The initial purpose of coffee is to warm our soul and bodies, but the groundings are just as rewarding... if you don't mind getting your hands dirty.
- Place a bowl of air-dried grounds to combat orders in your fridge, under the sink, or in a stale area.
- Use a few tablespoons of dried grounds as a scouring agent for pots, pans, and even the grill. The abrasiveness from the grounds will loosen some dirt and grime, while still being gentle enough to not leave scratches.
- Compost your grounds. Use them in the garden, or even mixed in soil with houseplants. Worms are attracted to coffee and this will bring you the added benefit of worms fertilizing your garden.
- Fertilize acid loving plants (azaleas, rhodies, hydrangeas, roses, and tomatoes) with grounds mixed in the soil.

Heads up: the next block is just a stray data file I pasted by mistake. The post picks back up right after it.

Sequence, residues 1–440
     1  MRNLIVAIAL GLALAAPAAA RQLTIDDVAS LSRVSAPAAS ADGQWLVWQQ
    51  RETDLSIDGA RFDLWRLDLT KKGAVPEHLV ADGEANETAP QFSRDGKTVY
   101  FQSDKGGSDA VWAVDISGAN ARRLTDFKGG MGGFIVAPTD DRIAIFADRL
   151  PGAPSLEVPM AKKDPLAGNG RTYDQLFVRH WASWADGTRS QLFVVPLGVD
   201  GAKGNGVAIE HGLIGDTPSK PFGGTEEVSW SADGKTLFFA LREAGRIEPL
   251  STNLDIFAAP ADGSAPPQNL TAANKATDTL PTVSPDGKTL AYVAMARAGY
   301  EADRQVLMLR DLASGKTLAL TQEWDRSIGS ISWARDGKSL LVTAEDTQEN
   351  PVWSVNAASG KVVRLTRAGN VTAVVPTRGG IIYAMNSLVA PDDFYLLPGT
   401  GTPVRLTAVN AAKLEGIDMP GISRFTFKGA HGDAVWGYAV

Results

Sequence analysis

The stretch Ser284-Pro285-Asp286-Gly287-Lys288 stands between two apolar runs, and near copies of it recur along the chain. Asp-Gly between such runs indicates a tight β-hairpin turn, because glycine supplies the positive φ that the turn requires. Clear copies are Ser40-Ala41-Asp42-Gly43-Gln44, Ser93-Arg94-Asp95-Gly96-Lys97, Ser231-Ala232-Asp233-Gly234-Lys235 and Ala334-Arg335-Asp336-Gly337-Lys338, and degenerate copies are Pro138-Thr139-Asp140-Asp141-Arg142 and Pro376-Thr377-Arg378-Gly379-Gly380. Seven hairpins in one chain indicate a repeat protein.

- Sprinkle a good spoonful of grounds when planting carrots or radish seeds. The coffee will boost the produce... think of it as Starbucks for your garden!
- Sprinkle outside in your garden to repel ants, slugs, and snails.
- Think of coffee grounds as an art supply. Add water to form a dye and use it to "age" paper, as a form of ink, or when super concentrated, use it to weather wood!
- Keep dried grounds in a container under your sink and rub on your hands to eliminate odors from pungent foods.
- Some people use coffee grounds as an exfolloiant for their skin and others add it to some coconut oil and use it as a scrub to rid their body of cellulite.
And for those ambitious enough, why not use coffee grounds to grow mushrooms?